The cost plus award fee contract is particularly suitable for buying services. The likelihood of meeting purchasing objectives and achieving exceptional performance is enhanced under this type of contract. It provides the flexibility to evaluate subjectively, at defined intervals, both actual performance and the conditions under which performance was achieved. The additional administrative effort, contract amount, performance period, and cost required to monitor and evaluate performance must be justified by the expected benefits to warrant using this type of contract.

Cost plus award fee contracts provide for evaluation at stated intervals during performance, so that the supplier is periodically informed of the quality of performance and areas for improvement. Evaluation criteria and a rating plan should be prepared for each purchase to motivate the supplier to improve in areas important enough to be rated, but not to the detriment of overall performance. Requirements will vary widely among contracts, so contracting officers must customize evaluation criteria, rating plan, and even Clause 2-37: Award Fee, seeking advice from the purchase/SCM team and assigned counsel, as needed. The partial payment of the award fee will usually correspond to the evaluation periods to provide incentive. If a high award fee is negotiated, the contract may provide for a low base fee (or even a zero base). The maximum fee, comprising the base fee plus the highest potential award fee, will usually not exceed 10 percent (or 15 percent for R&D).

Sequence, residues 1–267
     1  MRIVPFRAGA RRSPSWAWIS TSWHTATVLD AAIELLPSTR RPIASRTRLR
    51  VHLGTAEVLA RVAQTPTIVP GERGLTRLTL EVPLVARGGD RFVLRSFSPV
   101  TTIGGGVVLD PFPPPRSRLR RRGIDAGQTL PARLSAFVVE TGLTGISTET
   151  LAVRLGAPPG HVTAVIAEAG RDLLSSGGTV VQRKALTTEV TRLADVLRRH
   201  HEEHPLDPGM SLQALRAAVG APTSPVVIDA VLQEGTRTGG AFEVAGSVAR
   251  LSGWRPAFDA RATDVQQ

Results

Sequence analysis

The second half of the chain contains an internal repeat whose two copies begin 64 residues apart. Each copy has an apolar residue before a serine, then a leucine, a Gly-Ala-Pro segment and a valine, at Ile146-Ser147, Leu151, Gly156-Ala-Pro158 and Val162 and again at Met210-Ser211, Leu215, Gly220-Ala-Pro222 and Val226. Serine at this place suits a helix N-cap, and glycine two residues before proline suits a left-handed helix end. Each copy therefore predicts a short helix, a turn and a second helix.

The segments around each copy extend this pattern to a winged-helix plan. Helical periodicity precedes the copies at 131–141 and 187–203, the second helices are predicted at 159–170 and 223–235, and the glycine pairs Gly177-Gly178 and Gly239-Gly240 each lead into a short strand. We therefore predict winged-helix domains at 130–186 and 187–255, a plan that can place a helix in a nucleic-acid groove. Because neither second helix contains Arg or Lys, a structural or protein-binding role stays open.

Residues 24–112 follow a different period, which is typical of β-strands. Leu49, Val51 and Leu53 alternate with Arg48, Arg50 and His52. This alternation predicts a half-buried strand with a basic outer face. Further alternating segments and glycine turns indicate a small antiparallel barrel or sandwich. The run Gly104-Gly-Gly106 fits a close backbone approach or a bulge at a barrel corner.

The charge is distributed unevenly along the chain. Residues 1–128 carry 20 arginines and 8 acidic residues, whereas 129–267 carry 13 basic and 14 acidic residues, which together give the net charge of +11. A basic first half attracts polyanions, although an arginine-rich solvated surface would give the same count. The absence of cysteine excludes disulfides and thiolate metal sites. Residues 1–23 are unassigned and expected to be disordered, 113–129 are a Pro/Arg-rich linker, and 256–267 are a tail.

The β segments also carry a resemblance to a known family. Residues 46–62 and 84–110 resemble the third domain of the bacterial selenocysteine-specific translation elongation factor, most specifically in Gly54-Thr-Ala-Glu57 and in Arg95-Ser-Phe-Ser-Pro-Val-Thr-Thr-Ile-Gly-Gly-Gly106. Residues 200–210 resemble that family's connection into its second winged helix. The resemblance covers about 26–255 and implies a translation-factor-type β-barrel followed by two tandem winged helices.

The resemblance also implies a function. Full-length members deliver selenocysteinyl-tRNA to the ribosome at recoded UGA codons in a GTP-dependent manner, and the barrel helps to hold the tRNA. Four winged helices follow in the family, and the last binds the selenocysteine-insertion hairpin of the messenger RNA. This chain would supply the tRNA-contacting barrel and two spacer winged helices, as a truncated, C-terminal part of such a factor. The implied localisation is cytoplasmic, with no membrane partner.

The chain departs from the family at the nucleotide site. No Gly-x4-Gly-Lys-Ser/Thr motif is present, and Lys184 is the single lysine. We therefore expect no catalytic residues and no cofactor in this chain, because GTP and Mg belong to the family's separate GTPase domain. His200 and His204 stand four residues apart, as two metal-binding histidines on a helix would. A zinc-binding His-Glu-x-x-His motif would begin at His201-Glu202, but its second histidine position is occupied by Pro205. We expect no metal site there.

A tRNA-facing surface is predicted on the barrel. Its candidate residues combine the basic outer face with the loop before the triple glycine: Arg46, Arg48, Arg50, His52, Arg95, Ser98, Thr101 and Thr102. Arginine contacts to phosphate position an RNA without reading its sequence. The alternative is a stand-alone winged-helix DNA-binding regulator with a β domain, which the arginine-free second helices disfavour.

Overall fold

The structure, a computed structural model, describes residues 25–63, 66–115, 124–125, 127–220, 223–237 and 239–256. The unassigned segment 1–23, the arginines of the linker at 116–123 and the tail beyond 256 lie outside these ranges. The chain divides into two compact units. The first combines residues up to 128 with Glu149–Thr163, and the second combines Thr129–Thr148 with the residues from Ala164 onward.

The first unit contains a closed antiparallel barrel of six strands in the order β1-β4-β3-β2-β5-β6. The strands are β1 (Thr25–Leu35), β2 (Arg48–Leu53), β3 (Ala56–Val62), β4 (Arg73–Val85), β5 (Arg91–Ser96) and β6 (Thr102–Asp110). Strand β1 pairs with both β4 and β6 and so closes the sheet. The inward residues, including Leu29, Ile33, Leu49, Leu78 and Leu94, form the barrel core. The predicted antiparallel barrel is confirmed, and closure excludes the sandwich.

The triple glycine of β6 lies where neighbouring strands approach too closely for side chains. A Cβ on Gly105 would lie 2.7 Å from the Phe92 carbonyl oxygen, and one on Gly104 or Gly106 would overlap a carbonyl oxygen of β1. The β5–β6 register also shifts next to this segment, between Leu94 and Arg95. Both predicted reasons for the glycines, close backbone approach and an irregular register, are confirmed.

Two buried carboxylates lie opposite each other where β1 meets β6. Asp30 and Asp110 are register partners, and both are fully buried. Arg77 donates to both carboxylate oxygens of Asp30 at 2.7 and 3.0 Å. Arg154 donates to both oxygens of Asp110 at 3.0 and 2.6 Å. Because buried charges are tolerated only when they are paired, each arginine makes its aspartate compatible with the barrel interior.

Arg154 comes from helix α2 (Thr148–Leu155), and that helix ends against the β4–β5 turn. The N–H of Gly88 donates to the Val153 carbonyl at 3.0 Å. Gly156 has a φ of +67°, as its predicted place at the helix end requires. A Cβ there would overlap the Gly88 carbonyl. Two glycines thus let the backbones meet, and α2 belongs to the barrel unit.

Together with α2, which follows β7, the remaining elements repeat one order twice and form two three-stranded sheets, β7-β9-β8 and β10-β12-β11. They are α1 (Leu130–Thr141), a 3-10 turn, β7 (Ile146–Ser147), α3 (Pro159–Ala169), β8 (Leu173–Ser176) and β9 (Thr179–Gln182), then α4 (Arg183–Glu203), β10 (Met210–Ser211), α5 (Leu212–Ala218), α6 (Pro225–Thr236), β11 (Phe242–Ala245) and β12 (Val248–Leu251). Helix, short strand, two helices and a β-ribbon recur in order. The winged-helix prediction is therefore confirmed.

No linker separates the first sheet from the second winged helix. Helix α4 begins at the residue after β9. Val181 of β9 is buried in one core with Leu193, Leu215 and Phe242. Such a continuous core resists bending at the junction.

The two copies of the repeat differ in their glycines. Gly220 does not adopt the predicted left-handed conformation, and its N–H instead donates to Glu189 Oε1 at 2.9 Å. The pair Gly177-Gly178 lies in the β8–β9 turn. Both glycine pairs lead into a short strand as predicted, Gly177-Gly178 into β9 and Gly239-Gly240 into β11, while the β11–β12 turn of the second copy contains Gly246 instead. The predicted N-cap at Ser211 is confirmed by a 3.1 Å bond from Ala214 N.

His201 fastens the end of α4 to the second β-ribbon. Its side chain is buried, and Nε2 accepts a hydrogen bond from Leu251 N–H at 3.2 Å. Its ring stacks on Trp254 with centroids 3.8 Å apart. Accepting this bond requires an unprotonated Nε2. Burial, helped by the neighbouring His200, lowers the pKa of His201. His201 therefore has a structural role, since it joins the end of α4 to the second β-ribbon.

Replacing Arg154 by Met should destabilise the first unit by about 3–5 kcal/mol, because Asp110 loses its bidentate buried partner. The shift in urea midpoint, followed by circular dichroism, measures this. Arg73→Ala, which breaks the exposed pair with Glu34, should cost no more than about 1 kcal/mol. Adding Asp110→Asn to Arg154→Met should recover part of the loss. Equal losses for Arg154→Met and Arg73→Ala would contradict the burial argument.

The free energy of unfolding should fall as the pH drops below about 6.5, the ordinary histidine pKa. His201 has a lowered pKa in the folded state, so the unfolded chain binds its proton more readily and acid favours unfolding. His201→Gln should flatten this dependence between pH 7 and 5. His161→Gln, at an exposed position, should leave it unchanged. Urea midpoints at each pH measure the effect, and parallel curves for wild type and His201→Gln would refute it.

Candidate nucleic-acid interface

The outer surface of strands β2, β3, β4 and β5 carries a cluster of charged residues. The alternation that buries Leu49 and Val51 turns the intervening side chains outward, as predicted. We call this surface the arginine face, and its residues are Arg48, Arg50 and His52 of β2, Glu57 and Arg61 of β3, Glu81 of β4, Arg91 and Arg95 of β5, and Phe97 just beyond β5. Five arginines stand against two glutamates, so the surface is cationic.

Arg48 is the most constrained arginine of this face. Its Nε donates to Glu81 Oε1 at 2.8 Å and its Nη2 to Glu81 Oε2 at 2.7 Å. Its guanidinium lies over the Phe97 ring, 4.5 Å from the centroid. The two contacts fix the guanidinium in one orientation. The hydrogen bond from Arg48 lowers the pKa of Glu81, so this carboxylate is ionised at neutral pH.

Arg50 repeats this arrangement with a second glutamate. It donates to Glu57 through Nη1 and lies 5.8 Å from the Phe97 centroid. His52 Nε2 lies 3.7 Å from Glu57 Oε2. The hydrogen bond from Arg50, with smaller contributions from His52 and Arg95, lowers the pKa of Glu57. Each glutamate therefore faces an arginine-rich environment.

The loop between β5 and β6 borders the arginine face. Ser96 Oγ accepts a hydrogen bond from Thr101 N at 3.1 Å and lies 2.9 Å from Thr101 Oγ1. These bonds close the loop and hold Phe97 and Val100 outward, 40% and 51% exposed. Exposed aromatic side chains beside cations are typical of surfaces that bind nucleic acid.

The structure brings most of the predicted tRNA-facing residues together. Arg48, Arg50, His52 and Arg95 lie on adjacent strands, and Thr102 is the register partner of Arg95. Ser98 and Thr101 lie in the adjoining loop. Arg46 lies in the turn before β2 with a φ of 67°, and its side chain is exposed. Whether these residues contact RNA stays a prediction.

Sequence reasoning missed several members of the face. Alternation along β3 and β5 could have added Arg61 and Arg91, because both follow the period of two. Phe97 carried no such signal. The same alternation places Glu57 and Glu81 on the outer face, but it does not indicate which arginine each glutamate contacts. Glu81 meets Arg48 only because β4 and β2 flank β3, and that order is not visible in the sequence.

2-18.6.4 Provision

All solicitations for cost-reimbursement contracts — the estimated value of which is $100,000 or more — must contain Provision 2-9: Accounting System Guidelines — Cost Type Contracts. This provision requires preaward review and approval of the potential supplier’s cost accounting system by the Inspector General or a representative and delineates the elements required in such accounting systems.

2-18.6.5 Clauses

All cost-reimbursement contracts must include the following clauses: